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11 of the Best and Most Beautiful Lakes in South Carolina

By | Last Updated : 15th July 2020

The state of South Carolina is famed for an array of beautiful, blue lakes distributed evenly throughout. A majority of them are artificial ones and account for many recreational activities like boating, fishing, and swimming. Since most of them lie within state parks, one could also take pleasure of hiking, biking, camping and bird watching during their visit to these magnificent lakes.

Lakes in South Carolina

The state of South Carolina has about 23 manmade lakes, with most of them created as reservoirs during the construction of a dam. There are no natural lakes as such.  

1. Lake Marion

Lake Marion, the largest of all South Carolina lakes, is situated within the bounds of five of its counties, namely Sumter, Orangeburg, Calhoun, Berkeley, and Clarendon. It is also among the United States’ top 50 lakes, having a 315-mile (507 km) shoreline, encompassing about 110,000 acres (45 sq. Km). Its creation dates back to November 1941, during the construction of the Santee Dam. The lake got its name after General Francis Marion of the American Revolutionary War. The tributaries feeding the lake include the Santee River, Wyboo Creek, and the Eutaw Spring. This location is a camping hub for students, religious groups, and rowing teams, who mostly throng the place in summer and spring since the weather gets delightful. The Santee State Park, situated on the lake’s western edge, is a popular activity spot.

Fishing: It is one of the most sought-after activities here and the lake holds the state record of catching a largemouth bass with 16.2 lbs (7.35 kg) weight. The several other species found here include white perch, striped bass, crappie, channel catfish, white bass, bream, redear sunfish, and the Arkansas blue catfish. There are also more than a hundred alligators dwelling in the shallow, swampy parts of the lake, alongside the surrounding creeks and coves. Those without a fishing license can buy one at the visitor center of the park.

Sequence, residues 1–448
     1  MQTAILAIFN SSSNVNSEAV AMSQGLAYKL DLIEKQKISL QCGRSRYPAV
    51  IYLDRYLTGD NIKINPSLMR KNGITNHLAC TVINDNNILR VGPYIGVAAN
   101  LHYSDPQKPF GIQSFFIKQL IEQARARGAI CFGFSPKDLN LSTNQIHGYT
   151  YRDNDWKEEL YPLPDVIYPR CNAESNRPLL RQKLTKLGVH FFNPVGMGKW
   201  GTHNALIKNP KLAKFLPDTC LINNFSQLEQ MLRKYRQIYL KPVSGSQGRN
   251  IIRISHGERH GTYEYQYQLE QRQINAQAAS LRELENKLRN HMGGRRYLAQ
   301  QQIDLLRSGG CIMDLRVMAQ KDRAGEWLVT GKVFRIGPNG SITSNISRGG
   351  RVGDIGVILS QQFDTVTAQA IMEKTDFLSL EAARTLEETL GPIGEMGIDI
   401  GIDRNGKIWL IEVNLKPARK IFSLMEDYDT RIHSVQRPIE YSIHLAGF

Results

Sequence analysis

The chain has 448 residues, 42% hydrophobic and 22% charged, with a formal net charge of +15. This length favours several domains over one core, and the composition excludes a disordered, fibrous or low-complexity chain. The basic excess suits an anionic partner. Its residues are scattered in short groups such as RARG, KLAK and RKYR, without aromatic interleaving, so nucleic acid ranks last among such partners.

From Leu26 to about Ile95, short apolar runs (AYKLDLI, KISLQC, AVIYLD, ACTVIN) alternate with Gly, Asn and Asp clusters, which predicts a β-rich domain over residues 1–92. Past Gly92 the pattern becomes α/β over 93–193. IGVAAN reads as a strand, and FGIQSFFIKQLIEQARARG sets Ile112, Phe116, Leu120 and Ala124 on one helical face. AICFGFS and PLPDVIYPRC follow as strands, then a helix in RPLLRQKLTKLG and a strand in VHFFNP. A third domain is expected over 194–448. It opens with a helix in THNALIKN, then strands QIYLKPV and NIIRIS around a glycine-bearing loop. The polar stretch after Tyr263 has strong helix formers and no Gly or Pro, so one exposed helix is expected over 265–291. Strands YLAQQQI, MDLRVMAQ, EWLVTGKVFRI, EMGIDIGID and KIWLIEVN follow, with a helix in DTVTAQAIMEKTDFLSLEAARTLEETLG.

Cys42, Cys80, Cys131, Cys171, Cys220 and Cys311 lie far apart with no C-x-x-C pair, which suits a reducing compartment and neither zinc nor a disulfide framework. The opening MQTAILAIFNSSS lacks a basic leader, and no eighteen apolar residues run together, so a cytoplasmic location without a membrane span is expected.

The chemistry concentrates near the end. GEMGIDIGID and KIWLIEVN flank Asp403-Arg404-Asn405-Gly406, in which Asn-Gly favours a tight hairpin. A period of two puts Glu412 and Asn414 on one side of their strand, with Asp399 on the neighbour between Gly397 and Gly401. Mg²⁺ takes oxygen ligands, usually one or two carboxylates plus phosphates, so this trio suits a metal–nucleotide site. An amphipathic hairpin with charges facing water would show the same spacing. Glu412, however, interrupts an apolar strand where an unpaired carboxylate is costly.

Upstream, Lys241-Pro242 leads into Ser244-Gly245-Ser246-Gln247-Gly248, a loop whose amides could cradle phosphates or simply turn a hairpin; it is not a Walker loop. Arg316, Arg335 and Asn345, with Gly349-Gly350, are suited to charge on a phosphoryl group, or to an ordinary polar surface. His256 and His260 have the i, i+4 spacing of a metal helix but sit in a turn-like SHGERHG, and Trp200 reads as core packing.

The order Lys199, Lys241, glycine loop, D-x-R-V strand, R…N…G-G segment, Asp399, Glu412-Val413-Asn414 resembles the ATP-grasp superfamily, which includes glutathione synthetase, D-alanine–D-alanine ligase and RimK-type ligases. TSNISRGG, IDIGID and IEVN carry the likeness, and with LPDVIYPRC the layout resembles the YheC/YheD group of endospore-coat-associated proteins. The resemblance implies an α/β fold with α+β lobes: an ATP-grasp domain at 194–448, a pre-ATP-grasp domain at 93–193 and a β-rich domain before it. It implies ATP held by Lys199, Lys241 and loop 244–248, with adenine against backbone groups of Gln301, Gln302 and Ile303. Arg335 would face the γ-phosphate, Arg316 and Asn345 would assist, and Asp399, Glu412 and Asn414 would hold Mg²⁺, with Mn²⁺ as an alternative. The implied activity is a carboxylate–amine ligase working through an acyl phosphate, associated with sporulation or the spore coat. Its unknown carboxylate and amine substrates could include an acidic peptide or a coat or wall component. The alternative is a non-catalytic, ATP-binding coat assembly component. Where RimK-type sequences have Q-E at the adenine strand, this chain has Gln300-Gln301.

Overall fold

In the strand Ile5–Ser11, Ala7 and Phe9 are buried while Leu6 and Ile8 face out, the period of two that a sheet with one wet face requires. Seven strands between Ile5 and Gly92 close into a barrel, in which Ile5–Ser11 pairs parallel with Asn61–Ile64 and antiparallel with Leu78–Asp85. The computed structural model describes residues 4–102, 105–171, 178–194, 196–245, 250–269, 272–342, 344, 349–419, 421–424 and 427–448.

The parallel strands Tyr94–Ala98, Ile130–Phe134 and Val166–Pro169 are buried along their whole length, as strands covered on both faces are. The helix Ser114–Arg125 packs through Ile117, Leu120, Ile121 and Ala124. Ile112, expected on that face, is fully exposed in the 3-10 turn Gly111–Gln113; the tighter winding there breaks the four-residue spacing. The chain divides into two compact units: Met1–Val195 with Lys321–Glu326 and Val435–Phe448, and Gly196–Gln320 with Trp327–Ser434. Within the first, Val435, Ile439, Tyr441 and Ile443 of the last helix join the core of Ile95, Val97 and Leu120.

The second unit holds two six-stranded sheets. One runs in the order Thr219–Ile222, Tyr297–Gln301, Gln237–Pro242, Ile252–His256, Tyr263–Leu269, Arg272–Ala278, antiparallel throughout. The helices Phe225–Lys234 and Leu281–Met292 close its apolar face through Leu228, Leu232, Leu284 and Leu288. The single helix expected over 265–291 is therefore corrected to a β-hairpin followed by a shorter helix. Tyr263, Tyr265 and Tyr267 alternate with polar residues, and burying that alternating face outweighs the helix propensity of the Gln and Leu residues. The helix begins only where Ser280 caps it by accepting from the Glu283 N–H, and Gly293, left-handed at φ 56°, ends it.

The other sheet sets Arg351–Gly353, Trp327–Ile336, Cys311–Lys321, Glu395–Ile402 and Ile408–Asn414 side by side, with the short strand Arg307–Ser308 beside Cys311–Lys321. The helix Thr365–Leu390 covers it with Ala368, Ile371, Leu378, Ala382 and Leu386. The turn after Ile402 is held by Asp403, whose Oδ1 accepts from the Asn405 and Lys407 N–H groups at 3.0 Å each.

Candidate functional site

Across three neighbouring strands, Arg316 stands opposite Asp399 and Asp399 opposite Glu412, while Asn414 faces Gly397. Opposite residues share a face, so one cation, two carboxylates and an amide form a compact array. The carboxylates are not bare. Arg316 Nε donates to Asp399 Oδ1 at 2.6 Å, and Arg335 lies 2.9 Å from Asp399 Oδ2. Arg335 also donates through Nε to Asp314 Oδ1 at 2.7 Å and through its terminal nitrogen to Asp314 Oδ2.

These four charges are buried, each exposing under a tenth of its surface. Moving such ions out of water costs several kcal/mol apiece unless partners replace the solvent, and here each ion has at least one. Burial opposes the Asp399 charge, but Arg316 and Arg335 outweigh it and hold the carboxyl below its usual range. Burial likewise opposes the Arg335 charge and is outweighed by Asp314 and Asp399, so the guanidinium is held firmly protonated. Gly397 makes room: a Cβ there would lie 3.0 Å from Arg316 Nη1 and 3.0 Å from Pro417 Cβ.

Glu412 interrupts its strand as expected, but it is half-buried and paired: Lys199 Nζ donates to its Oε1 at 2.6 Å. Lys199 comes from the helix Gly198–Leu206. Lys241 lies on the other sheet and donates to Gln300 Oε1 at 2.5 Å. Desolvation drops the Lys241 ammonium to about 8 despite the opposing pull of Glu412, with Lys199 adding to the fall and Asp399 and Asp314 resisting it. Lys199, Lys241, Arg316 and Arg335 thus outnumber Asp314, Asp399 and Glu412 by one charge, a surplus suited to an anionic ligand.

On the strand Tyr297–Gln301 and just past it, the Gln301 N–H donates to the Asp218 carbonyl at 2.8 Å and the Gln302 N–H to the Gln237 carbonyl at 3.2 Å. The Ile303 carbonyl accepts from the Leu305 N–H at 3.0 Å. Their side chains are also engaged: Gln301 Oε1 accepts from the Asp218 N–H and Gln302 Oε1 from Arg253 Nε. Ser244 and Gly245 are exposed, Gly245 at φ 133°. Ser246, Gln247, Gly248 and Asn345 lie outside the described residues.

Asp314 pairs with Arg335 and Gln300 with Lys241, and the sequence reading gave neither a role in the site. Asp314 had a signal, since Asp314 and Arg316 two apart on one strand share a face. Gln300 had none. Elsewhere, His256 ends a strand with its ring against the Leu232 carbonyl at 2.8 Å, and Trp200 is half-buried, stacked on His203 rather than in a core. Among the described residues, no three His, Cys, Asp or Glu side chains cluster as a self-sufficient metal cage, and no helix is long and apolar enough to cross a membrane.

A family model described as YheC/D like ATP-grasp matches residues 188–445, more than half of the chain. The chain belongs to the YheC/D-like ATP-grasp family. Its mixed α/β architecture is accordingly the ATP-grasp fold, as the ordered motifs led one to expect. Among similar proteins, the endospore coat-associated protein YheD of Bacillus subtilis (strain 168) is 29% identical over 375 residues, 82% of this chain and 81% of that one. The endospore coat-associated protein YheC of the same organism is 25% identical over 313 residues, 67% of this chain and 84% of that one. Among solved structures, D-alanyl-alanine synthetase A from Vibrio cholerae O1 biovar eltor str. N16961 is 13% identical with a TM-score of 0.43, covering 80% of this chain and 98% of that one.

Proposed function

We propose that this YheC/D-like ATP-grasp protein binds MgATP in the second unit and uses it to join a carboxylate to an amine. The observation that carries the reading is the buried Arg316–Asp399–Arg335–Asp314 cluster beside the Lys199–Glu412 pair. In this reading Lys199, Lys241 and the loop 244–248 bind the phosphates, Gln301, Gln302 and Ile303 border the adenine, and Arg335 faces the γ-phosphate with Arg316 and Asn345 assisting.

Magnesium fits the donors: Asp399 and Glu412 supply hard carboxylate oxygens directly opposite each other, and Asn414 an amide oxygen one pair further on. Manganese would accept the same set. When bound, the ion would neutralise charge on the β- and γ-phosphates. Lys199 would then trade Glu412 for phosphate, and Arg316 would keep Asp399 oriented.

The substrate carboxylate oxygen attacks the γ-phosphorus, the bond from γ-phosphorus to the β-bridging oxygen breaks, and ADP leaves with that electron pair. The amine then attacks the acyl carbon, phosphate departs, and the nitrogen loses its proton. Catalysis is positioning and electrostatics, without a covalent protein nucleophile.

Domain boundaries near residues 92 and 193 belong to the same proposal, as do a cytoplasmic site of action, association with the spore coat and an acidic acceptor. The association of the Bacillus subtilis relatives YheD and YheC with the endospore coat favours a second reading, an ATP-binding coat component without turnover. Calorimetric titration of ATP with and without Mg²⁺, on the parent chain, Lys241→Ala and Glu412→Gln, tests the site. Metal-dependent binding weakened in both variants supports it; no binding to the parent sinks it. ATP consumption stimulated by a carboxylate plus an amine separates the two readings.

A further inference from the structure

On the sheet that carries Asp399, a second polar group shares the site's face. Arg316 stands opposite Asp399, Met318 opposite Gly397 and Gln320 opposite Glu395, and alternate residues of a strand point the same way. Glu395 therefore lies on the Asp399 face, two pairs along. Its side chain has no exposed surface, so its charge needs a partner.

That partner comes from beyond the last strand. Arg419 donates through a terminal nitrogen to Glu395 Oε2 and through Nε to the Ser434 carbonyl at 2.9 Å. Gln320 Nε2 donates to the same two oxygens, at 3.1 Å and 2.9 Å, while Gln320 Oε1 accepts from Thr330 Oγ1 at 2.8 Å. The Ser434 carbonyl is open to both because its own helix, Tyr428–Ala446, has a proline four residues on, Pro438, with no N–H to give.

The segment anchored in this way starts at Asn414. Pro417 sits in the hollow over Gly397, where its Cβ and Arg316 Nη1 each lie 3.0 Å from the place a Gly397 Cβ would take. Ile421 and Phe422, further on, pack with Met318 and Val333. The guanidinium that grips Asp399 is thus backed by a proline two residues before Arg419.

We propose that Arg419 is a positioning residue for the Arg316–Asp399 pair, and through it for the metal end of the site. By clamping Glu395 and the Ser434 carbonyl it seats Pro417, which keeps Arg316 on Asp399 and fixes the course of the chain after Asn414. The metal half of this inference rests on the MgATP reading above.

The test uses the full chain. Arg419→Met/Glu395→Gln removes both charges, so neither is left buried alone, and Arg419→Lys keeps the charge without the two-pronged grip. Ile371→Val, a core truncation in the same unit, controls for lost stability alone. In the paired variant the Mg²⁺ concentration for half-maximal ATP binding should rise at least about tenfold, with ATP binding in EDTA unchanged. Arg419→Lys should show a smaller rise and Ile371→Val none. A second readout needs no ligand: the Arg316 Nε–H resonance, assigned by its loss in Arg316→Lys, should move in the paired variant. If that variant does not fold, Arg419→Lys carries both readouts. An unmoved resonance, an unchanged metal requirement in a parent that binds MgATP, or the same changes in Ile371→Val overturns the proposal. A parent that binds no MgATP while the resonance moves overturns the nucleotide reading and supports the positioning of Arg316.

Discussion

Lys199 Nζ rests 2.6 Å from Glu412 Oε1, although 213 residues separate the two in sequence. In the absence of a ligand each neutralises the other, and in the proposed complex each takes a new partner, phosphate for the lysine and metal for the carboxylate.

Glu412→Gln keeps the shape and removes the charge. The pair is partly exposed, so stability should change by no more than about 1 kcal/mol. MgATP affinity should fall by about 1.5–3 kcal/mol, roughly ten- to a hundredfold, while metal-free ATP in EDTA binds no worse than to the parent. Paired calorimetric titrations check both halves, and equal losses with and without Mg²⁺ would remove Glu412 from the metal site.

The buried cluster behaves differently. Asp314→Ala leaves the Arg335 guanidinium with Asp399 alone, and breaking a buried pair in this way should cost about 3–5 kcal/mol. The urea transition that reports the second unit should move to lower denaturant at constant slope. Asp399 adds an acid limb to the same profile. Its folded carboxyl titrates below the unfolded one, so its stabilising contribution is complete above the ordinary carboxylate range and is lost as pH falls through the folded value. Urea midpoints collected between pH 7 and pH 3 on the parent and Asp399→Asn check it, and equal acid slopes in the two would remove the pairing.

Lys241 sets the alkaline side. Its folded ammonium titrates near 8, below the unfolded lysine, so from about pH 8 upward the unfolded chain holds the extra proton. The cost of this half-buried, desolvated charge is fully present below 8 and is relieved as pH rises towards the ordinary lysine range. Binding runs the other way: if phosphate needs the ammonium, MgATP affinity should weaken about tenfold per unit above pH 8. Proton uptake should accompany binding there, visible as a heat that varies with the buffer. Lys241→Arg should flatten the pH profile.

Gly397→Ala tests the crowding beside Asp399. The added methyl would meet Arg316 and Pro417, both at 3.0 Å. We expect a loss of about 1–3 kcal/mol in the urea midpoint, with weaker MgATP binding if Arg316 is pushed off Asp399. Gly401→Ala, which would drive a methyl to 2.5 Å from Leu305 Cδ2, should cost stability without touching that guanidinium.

Boating: This is available at the Santee State Park, and one can access the Lake Marion from it via the public boat ramps found here.

Other Activities: Swimming is permissible, though at one’s own risk as lifeguard facilities are unavailable.  Camping, hiking, and bird watching are the other activities one can indulge in the Santee State Park premises. The Santee National Wildlife Refuge, located at the lake’s vicinity, would give one the pleasure of admiring a whole lot of wildlife like deer, squirrel, turtle, and fox, alongside birds like osprey, egret, and eagle.

Dogs are allowed when leashed.

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2. Lake Murray

Lake Murray in South Carolina

Lake Murray, with an area of about 50,000 acres (200 sq. km) and nearly 650-mile (1050 km) shoreline, is known as the “Jewel of South Carolina” because of its glistening waters, and picturesque beauty. The Saluda River, flowing from South Carolina’s upstate adjacent to North Carolina’s state line, feeds Lake Murray. It gets its name after William S. Murray, the chief engineer involved in the Saluda Dam project, and had also been the largest manmade reservoir of the world upon its completion. The lake is famous for boating and fishing. At the same time, the Dreher Island State Recreation Area in its western fringes hosts a lot of recreational activities.

Fishing: One can fish here from dawn to dusk throughout the year when the water levels are favorable. However, fishing remains closed on the second Tuesday of each month and holidays like New Year, Thanksgiving, and Christmas. Lake Murray’s prominent species are channel catfish, bass, black crappie, trout, and bluegill. Fish limits exist on bass, catfish, and trout (five each) as well as bluegill and crappie (a combined catch of twenty-five). One could fish from the shore or boat and even use a float tube (not more than 150 feet from the shore). 

Boating: Private boats are allowed throughout the week from sunrise to sunset if the water levels are suitable. Renting facilities for kayak and small boats remain available on a first-come-first-serve basis. Boating services also remain suspended on the second Tuesday and holidays like fishing.

Other Activities: The lake is a no-swimming zone, though one can take a splash in the adjacent beaches like Marina Beach, Martins Landing Beach, and Sunset Beach. Bicycling, picnicking, rollerblading, walking, and jogging are the other available activities. The surrounding area has about 64 picnic tables and 10 barbecues.